United Nations Economic Commission for Latin America and the Caribbean

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United Nations Economic Commission for Latin America and the Caribbean

A commission established by the United Nations to foster economic and other cooperation among Central, South American and Caribbean states. Interestingly, members include North American and Western European countries as well. It was founded in 1948.
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While deforestation is a global problem, Latin America's rate of loss--0.5% annually--is twice that of the world's average, according to a recent study by the Economic Commission for Latin America and the Caribbean (ECLAC).
Consumer prices nationally are forecast to decline, in fact, to 1.4% by 2006, an inflation rate that the Economic Commission for Latin America and the Caribbean characterizes as that of a developed economy.
Alejandro Flamos, an economist with the Economic Commission for Latin America and the Caribbean, disagrees.
Even though economic growth in Latin America has improved to 4.5% in 2004 (from a negligible 1.5% in 2003), regional unemployment remains high at 10%, according to the United Nations Economic Commission for Latin America and the Caribbean.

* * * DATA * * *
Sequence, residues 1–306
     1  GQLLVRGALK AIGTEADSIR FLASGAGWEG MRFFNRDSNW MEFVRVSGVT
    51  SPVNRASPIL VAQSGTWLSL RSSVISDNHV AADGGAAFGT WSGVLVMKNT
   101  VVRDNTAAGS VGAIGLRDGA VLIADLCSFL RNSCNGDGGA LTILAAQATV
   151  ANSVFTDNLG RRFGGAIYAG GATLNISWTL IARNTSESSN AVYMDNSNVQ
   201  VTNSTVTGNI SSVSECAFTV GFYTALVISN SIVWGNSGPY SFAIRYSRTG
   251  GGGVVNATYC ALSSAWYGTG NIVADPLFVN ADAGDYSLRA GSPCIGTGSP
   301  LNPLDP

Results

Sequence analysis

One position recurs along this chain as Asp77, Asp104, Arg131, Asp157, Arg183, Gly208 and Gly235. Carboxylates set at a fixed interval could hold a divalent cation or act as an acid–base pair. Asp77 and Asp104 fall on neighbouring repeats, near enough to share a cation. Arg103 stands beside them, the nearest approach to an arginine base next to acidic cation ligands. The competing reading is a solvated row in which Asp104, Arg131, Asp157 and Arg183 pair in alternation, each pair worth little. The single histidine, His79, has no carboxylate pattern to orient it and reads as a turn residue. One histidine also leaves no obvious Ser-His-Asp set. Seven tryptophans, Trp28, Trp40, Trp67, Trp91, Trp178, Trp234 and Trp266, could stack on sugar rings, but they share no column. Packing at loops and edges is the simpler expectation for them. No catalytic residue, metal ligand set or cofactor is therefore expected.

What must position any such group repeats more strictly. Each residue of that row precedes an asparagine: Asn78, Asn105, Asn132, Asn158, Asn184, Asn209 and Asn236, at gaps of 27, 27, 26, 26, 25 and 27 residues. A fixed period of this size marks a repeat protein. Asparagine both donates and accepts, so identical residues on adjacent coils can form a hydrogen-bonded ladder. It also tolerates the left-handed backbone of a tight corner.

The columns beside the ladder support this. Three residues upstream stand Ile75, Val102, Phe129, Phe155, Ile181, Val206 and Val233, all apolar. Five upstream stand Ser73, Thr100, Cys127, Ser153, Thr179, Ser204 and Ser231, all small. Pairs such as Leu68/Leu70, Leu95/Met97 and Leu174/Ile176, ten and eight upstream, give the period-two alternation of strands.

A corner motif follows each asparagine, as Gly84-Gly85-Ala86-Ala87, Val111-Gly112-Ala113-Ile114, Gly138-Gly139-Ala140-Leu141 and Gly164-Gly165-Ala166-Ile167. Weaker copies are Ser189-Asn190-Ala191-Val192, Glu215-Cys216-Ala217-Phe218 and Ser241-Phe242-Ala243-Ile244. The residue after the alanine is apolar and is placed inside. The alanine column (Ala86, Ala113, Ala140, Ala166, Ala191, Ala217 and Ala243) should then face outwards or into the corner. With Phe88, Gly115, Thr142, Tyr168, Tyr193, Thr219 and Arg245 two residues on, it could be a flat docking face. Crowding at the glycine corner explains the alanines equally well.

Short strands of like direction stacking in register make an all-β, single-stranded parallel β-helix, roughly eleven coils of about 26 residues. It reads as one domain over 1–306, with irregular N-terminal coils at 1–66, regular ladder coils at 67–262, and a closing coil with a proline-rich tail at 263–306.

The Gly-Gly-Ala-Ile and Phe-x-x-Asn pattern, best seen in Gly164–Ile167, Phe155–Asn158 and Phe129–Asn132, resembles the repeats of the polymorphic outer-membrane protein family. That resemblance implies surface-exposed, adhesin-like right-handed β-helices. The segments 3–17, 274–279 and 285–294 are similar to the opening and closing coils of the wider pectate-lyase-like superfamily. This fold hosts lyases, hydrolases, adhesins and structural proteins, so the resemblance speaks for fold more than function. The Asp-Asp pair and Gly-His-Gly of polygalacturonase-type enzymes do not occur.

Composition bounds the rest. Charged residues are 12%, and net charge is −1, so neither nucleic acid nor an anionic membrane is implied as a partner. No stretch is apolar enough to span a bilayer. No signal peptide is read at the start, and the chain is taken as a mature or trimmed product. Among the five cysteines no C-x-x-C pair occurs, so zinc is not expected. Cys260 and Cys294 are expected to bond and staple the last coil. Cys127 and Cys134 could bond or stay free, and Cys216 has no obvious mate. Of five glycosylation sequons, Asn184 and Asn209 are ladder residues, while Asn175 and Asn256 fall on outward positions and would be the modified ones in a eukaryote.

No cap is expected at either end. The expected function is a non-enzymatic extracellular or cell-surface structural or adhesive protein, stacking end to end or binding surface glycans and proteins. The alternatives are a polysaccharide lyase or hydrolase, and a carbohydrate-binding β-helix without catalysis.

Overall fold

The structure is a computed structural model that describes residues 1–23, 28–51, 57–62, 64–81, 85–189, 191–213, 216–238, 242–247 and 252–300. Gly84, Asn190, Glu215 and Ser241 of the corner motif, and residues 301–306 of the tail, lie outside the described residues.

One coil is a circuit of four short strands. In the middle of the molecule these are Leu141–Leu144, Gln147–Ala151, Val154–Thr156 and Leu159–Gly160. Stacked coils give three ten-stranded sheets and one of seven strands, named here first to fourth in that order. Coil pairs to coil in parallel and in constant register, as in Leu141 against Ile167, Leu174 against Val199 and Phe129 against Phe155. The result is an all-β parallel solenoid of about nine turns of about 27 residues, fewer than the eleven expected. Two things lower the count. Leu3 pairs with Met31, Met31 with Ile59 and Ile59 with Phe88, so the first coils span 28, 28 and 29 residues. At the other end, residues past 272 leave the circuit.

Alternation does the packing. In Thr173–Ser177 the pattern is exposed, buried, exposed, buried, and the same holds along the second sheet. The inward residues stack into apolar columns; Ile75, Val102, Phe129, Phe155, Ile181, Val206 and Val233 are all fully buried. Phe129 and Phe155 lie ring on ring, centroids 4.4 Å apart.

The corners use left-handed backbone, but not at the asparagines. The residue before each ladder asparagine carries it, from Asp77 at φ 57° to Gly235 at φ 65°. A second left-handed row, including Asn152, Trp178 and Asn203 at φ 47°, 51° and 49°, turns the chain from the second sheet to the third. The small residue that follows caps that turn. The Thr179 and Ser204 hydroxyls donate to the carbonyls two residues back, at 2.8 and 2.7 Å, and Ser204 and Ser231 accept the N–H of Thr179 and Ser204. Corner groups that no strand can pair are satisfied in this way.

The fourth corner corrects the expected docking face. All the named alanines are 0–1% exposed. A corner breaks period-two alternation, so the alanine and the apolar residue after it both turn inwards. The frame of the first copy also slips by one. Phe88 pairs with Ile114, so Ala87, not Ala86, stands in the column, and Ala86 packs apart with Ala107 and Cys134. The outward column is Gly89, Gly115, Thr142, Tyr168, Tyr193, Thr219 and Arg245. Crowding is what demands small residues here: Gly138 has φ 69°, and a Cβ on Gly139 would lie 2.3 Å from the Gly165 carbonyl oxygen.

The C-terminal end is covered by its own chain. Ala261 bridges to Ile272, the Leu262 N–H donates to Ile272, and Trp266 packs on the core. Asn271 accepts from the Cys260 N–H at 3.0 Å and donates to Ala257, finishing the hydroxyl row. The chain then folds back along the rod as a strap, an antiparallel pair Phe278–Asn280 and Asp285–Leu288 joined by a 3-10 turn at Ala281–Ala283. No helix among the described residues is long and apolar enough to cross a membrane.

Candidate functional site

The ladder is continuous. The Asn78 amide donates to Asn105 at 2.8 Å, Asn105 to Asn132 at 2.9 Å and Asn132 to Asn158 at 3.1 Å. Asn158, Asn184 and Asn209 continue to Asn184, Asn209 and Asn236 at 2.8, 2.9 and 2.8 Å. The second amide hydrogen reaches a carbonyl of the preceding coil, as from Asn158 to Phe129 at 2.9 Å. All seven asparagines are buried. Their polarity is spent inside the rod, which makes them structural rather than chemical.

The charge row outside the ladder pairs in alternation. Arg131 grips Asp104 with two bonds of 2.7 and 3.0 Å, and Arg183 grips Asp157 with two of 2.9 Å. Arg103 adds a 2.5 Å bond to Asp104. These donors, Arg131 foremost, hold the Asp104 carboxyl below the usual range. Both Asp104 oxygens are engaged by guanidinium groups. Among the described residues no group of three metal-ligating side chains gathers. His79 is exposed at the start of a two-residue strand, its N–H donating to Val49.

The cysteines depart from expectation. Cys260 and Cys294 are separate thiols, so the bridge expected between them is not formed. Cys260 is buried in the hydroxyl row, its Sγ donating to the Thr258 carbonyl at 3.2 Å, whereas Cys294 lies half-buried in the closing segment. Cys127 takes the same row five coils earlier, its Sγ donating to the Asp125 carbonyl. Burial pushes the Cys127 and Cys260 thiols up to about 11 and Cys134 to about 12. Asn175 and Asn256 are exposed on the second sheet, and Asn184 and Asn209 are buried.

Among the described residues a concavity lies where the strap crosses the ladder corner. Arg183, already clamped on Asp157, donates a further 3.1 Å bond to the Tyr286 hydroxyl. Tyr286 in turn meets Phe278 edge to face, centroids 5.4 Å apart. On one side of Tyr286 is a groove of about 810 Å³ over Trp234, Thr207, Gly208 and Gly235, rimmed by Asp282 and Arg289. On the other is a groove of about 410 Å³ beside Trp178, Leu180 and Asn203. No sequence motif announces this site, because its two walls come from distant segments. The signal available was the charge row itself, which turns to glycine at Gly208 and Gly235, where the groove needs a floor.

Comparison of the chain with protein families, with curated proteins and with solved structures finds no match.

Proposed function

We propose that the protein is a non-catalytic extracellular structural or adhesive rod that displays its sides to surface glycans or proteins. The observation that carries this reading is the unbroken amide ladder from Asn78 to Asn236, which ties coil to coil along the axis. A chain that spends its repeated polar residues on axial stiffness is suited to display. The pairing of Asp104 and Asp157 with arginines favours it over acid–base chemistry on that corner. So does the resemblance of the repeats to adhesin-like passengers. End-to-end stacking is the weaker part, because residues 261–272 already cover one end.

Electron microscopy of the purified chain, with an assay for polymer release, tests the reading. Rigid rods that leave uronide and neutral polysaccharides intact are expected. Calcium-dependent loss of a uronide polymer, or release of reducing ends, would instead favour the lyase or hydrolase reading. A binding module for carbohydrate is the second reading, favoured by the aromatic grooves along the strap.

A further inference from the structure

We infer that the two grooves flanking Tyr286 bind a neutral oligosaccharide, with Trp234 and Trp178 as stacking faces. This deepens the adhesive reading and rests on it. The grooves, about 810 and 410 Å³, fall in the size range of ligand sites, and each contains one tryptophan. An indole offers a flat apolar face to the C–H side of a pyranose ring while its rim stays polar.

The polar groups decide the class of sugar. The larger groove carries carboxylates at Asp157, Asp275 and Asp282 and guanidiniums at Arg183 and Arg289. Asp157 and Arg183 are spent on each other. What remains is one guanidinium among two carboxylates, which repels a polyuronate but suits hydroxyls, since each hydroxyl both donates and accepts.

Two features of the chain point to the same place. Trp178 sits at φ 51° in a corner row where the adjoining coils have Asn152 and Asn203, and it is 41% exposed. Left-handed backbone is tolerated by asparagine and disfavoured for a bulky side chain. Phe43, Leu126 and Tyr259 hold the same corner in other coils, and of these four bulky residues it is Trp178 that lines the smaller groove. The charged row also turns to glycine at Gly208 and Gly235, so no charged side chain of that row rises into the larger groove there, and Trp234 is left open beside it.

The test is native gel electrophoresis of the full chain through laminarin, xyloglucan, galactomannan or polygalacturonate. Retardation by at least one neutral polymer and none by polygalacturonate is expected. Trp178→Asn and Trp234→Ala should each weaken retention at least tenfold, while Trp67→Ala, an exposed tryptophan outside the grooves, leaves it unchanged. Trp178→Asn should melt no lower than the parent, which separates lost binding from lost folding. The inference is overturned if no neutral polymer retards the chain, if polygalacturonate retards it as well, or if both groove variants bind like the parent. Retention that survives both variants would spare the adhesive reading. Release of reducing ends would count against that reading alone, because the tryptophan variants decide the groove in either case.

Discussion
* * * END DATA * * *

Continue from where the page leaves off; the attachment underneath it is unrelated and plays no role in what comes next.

The United Nations Economic Commission for Latin America and the Caribbean says Trinidad and Tobago's economy will grow 6% in 2004 from 2003, more than any other year since 1996.
It is estimated that 70% of the richest Latin Americans will have Internet access in 2004, versus a 10% estimate in the region as a whole, according to the Economic Commission for Latin America and the Caribbean. As hardware costs shrink because of competition, software prices are an increasingly large slice of the cost of buying and maintaining a home computer.
A 21% drop last year in long-term foreign investment in Latin America and expectations for another 10% decline in 2001, according to the United Nations Economic Commission for Latin America and the Caribbean. But not all the news is gloomy: Foreign investment rose in Mexico last year to US$13 billion, up $1.2 billion from 1999.
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